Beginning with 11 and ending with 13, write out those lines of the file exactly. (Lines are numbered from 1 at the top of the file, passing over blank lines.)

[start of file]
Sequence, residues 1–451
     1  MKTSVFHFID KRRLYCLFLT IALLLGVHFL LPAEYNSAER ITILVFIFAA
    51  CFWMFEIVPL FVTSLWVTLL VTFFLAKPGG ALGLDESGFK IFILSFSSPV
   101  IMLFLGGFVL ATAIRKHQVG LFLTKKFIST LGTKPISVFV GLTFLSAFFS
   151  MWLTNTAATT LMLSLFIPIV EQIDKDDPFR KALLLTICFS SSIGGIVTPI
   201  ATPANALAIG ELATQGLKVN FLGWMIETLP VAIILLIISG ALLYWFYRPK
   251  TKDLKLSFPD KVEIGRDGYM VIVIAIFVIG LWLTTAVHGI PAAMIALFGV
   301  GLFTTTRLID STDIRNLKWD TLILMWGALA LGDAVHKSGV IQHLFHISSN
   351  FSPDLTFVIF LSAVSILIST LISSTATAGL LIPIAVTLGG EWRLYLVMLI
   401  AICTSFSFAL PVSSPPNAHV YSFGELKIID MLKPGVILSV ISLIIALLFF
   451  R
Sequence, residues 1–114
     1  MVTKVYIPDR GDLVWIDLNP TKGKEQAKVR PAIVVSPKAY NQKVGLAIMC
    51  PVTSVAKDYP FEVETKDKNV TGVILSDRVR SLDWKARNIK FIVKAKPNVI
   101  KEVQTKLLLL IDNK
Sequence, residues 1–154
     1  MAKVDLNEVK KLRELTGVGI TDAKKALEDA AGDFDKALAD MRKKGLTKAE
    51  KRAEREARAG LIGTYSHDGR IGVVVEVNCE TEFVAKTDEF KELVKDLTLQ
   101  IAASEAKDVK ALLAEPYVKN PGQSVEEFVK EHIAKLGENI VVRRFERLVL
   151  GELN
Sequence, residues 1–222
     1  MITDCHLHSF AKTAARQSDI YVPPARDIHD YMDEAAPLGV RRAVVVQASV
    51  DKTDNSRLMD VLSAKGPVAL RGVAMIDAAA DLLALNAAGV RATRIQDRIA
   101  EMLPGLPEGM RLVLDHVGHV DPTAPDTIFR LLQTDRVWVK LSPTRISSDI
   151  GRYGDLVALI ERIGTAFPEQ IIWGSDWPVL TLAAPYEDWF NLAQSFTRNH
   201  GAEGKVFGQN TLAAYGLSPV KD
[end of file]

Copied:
   451  R
Sequence, residues 1–114
     1  MVTKVYIPDR GDLVWIDLNP TKGKEQAKVR PAIVVSPKAY NQKVGLAIMC